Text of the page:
TORONTO — John Tavares had no answer. On this night, neither did the rest of the Toronto Maple Leafs.
When the doors of the somber Maple Leafs dressing room opened after their disheartening 7-3 loss to the Tampa Bay Lightning in Game 1 of the Eastern Conference First Round at Scotiabank Arena on Tuesday, the Toronto captain already was waiting for the media, trying to be accountable after a game in which pretty much every member of his team needed to be.
To his credit, he didn’t try to sugarcoat the effort — or, in this case, a lack of it. But perhaps the most telling, if not alarming, sign came when he was asked the following question:
After the entire city was buzzing all day leading up to Game 1 of this best-of-7 series, how could he explain the lack of composure shown by his team?
“It’s a hard one to explain, no doubt,” Tavares said.
If the Maple Leafs themselves can’t explain it, how can they fix it?
That’s the dilemma they face heading into Game 2 here Thursday (7 p.m. ET; ESPN, CBC, SN, TVAS, BSSUN).
[RELATED: Complete Maple Leafs vs. Lightning series coverage]
Consider this: 339 days before the puck dropped for Game 1, the Lightning, on this very same surface, defeated the Maple Leafs 2-1 to eliminate them in Game 7 of their 2022 first-round series. It marked the sixth consecutive time Toronto failed to advance; in fact, it hasn’t won a playoff series since 2004.
From the moment the Maple Leafs completed the handshake line 11 months ago, the goal was to learn from past mistakes and use that to finally garner some postseason success. Coach Sheldon Keefe continued to preach tighter defense, and general manager Kyle Dubas made the team, at least on paper, harder to play against by trading for gritty players such as forwards Ryan O’Reilly, Sam Lafferty, Noel Acciari, and defensemen Jake McCabe and Luke Schenn.
None of that translated to a better product on the ice Tuesday. In fact, the Maple Leafs looked like a team that had regressed.
“We’re disappointed,” Tavares said. “The way tonight went, we’ve got to be a lot better.
“We’ve got a good group here, no doubt. We’ve got to learn from it, have a short memory and obviously respond.”
With the building in a tizzy after the national anthems, the stage was set for the fans to erupt early. Instead, the Lightning, showing the pedigree of a team that won the Stanley Cup twice and reached the Final three times in the past three years, put the hosts back on their heels, dumping the puck into the Maple Leafs zone right from the opening face-off and forcing Toronto into multiple turnovers, which eventually led to Pierre-Edouard Bellemare opening the scoring for Tampa Bay at 1:18 of the first period.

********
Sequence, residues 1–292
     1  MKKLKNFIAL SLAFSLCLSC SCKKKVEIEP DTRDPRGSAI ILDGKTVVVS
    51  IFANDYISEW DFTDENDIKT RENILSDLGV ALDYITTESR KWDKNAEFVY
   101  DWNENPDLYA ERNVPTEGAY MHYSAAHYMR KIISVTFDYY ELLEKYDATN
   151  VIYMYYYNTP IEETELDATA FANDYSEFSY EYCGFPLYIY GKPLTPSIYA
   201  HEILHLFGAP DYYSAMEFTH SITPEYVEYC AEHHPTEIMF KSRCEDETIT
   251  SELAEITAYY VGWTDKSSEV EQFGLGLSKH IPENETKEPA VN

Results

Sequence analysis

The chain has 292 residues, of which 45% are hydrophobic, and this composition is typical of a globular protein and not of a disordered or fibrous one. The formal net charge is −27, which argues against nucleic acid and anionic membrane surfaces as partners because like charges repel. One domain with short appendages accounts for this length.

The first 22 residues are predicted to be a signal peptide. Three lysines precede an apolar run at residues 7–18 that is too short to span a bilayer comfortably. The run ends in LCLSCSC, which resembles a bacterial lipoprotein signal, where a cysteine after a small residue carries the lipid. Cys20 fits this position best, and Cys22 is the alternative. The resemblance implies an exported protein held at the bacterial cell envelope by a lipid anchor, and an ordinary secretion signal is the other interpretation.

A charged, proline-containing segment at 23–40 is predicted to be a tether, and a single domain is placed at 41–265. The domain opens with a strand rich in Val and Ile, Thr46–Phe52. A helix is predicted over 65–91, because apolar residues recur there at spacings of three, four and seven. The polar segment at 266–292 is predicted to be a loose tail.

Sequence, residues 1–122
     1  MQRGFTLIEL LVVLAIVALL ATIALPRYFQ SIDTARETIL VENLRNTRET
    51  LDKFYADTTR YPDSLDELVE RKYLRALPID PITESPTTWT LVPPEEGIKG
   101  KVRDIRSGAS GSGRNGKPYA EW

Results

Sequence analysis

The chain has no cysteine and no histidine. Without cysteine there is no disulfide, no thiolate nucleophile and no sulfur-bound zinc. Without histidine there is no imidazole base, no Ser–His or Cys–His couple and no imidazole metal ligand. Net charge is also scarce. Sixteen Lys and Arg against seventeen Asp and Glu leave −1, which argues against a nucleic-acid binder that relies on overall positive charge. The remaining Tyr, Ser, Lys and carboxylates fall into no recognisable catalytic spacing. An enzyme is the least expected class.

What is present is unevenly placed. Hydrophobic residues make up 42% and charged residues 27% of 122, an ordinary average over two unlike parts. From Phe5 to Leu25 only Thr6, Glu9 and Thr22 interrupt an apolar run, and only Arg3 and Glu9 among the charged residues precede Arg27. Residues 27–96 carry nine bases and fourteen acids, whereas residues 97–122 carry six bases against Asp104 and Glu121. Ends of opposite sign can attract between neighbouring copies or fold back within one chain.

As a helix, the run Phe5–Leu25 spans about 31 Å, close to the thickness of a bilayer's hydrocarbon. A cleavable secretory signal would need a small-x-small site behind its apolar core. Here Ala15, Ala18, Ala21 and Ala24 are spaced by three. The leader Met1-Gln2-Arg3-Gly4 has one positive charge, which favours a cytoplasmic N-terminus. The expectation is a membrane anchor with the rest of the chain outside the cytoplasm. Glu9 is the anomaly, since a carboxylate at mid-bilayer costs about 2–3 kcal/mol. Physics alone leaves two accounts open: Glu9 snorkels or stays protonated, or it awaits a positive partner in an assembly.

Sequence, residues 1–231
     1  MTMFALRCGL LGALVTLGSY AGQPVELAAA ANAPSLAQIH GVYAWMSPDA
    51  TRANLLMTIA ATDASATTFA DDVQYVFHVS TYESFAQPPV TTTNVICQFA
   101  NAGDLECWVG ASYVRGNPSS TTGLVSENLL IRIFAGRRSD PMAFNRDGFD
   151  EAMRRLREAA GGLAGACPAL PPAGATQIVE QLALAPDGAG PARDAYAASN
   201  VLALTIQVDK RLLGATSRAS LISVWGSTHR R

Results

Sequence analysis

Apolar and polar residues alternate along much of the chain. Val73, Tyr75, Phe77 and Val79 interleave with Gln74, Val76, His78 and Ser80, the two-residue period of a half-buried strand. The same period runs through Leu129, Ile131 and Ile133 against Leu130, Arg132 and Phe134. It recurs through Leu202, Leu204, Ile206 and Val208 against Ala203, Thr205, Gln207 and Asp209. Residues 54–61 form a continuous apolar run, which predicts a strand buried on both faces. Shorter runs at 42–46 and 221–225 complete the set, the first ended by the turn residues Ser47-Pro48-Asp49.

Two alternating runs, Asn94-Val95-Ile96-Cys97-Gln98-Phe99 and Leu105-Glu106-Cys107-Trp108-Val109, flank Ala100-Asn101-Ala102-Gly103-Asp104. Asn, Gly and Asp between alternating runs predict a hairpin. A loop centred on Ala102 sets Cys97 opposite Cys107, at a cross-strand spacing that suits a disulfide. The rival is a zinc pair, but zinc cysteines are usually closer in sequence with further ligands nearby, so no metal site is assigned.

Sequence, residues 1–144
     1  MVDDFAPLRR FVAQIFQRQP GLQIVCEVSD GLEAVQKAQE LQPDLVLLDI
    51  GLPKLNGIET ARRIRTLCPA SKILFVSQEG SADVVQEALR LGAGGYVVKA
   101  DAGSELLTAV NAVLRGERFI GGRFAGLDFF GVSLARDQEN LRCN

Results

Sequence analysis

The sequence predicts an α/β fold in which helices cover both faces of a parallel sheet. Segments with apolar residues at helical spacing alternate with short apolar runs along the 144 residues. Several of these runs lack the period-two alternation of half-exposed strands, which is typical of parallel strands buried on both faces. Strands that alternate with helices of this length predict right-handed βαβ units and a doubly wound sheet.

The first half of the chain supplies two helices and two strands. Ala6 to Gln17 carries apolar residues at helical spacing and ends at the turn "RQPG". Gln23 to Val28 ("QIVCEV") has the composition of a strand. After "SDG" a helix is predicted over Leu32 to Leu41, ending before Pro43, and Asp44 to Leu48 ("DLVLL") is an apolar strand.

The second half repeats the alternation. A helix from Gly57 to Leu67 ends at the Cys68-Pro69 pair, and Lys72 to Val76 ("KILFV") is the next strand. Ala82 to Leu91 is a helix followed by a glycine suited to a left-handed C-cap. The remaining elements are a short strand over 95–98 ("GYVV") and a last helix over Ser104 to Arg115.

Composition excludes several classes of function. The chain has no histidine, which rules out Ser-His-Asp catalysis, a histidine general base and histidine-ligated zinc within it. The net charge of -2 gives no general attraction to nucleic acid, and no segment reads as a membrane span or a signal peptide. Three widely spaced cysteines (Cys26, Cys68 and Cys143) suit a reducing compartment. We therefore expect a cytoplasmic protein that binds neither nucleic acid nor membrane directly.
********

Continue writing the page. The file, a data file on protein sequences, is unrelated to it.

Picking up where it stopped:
By the end of the first, Anthony Cirelli and Nikita Kucherov had widened the Lightning lead to 3-0, the latter scoring a backbreaker with four seconds left.
“I think they stepped up their level, and we didn’t quite do that,” Maple Leafs forward Auston Matthews said. “It’s pretty simple. A bad start, penalty trouble, and obviously they have a pretty good power play.”
To Matthews’ point: The Lightning went 4-for-8 on the power play on a night the Maple Leafs spent far too much time in the penalty box. And in his mind, even though many Toronto fans might not agree, the calls were deserved.
“I think most of the penalties were penalties,” he said.
Many came from a lack of composure, none more so than the match penalty handed out to forward Michael Bunting for an illegal hit to the head of Lightning defenseman Erik Cernak at 15:40 of the second period. Tampa Bay took advantage of the five-minute power play with goals from Corey Perry and Brayden Point and went to the dressing room for the second intermission with a 6-2 lead.
That was the end of the night for goalie Ilya Samsonov, who was replaced by rookie Joseph Woll to start the third period.
Ironically, it was Samsonov who on Saturday said the Maple Leafs were probably the best team in the NHL. They didn’t look like it Tuesday. And neither did he, stopping 23 of 29 shots.
Make no mistake, the Maple Leafs’ issues ran much deeper than goaltending, but it will be a narrative in the coming days, with Keefe saying it’s “too early to tell” if Woll starts Game 2.
Keep this in mind too: Tampa Bay finished the game short three players with undisclosed injuries: defensemen Cernak, Victor Hedman and forward Michael Eyssimont. Lightning coach Jon Cooper said he’s hopeful Hedman could return soon but will know more Wednesday.
Cooper brought up a good point as well, reminding everyone the Lightning lost Game 1 to the Maple Leafs 5-0 a year ago before coming back to win the series in seven games. Given that lesson, he said, it would not be a shock if Toronto came back to win the series.
Maybe not to him. But for a city and its fragile fan base that witnessed Game 1, they certainly aren’t as sure of that.
Or hopeful, as the case may be.
A multi-lingual talent head, Allen is fluent in languages such as Spanish, Russian, Italian, and many more. He has a special curiosity for the events and stories revolving in and around US and caters an uncompromising form of journalistic standard for the audiences.